Oral Presentation Session
Reviewed by: Council on Anthropology and Education
Of interest to: Practicing and Applied Anthropologists, Teachers of Anthropology in Community Colleges, Students
Primary Theme: Inclusivity
Secondary Theme: Borders
This panel aims to discuss the pathways for participation in activities across three different components: practices, settings, and participants. Taking on a sociocultural lens, this panel is interested in focusing on new participation in communities of practice (Lave and Wenger 1991, Wenger 1998) but also highlighting the settings of new participation and practices (Lefebvre 1991, Leander 2002). These settings include nurseries, schools, universities, afterschool programs, and even ethnographic accounts of multiple sites to capture the practices across multiple communities of practices and settings (Marcus 1995, Pierides 2010). New practices documented from our ethnographic work include reading, science, translingual communities of practice, and community/civic engagement. This panel seeks to parse out how these new practices emerged based on the affordance of the setting (Holland and Lave, 2009). The panel is shaped by this year’s theme of imagining the new ways we can include new participants. Thus, a second aim of this panel is to discuss how pathways to participation opened up for participants. Therefore, we discuss how to equitably include participants who are often put and left on the margins or entering new settings (Hand, Penuel, and Gutierrez 2013). New participants in this panel include Black girls, Muslim students, pre-service teachers, academics, and asylum seekers. Ultimately, the panel seeks to advance thinking about the participation of not just people, put people within practice afforded and constrained settings. Through this panel, we seek to document and understand ways to equally open opportunities for new participation for new participants.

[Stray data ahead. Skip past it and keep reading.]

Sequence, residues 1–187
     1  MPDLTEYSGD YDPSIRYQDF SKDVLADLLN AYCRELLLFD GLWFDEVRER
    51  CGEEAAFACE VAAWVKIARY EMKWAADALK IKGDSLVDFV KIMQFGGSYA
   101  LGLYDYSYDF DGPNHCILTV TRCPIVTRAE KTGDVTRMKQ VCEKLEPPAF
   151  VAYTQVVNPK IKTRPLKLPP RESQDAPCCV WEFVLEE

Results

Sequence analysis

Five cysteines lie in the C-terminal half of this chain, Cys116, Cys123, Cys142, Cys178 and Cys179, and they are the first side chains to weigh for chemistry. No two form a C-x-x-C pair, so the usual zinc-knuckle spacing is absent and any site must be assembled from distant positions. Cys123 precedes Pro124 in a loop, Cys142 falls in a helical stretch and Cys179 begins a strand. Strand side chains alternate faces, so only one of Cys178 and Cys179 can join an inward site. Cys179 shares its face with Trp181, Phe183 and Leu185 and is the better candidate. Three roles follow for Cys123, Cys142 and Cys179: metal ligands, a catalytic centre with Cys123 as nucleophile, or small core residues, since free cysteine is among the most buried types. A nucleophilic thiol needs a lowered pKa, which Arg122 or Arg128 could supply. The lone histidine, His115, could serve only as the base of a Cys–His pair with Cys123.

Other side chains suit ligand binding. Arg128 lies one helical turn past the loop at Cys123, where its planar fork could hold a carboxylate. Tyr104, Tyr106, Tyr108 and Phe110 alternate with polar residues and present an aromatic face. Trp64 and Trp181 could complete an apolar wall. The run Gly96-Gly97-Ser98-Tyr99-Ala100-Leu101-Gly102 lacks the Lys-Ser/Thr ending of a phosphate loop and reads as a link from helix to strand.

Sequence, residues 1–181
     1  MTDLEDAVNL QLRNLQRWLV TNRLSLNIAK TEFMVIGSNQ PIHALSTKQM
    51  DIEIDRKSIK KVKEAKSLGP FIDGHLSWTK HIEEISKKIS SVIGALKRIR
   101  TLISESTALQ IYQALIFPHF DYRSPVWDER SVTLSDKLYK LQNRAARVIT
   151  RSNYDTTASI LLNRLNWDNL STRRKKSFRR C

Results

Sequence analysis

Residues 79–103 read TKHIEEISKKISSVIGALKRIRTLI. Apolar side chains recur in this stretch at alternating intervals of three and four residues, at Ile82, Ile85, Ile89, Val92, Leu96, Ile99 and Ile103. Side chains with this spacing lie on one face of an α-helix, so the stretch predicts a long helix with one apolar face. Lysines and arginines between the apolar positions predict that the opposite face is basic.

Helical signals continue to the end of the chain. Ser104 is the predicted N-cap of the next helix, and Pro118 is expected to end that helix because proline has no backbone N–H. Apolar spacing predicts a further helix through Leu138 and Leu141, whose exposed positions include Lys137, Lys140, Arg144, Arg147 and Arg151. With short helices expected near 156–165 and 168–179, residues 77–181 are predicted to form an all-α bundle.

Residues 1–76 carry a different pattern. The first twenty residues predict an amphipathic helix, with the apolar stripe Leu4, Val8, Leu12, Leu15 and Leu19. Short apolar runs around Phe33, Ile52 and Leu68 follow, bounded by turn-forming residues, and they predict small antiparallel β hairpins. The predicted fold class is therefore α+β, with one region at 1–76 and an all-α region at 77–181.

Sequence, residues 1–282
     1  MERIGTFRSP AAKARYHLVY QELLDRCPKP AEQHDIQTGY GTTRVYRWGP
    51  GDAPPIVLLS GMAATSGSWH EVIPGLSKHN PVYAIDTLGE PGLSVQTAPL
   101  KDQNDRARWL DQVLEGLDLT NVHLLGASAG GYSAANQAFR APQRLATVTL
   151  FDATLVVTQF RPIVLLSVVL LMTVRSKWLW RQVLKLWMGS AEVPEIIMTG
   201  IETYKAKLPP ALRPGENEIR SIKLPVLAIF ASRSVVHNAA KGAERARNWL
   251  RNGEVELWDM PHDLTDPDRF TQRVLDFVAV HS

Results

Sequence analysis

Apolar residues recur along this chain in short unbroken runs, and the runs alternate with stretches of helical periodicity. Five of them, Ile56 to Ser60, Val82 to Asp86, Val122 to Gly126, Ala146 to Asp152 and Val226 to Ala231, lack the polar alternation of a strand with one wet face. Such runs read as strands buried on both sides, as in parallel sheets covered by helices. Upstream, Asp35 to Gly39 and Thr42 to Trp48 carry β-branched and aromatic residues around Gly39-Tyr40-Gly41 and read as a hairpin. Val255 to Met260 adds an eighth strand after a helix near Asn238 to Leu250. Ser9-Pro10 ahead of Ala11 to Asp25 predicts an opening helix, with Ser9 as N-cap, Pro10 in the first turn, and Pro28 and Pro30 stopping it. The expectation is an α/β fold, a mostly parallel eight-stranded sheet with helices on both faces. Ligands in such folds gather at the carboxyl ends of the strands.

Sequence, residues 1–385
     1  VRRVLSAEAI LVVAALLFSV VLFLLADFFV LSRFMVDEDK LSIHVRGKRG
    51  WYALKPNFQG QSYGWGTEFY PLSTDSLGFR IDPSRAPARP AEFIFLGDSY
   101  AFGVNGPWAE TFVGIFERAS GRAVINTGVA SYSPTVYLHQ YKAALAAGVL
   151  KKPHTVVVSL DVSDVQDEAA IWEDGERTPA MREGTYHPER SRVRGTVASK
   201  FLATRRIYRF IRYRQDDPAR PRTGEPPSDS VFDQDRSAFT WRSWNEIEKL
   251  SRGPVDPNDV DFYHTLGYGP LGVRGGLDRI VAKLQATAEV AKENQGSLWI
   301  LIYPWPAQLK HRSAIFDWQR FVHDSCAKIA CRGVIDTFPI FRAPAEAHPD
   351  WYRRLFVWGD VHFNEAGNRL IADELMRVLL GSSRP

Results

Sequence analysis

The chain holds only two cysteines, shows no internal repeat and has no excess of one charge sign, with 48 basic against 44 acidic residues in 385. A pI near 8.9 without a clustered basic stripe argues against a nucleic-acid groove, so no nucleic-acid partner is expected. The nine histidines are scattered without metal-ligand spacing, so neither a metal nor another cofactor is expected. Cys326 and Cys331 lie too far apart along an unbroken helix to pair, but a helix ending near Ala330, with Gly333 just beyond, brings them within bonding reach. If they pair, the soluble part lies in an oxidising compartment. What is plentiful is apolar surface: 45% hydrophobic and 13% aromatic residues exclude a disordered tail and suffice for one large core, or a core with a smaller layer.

Gobbo’s paper focuses on how children engage in the practices of reading books through nurseries and school libraries. The focus of the paper considers how books are used as cultural objects whose messages have in history been received first by collective listening and through a one-to-one relation with the books. Ricucci’s paper focuses on how asylum seekers and unaccompanied minors engage with coping strategies in the classroom to avoid exclusion and discrimination. Bruna’s paper documents how preservice teachers and summer camp students engage in practices of science: events, identities, and structures. Breed’s paper documents pathways of participation and identity construction enacted within a team of undergraduate research assistants doing video analysis of teaching and learning practices in a kindergarten classroom. Through the undergraduate’s participation in the research, interactional work and enactment of authority facilitated an acceleration in becoming a member. Cahnmann-Taylor’s paper focuses on translingual communities of practice; meaning any and all communicative practices that transgress singular codes, modalities, and/or human/nonhuman cultures. Abdulwahhab’s paper documents Muslim students engagement in various activities and social trajectories across multiple settings including on campus, off campus, and online. Henriquez Fernandez’s paper focuses on black girls and their participation in technology. Henriquez Fernandez investigates how Black Girls relate to technology, how they use technology for self-development, and how they see technology in relation to their future aspirations. Together, these papers will examine how new practices of new participants emerge from new and multiple settings and opening new ways of opening participation and new practices.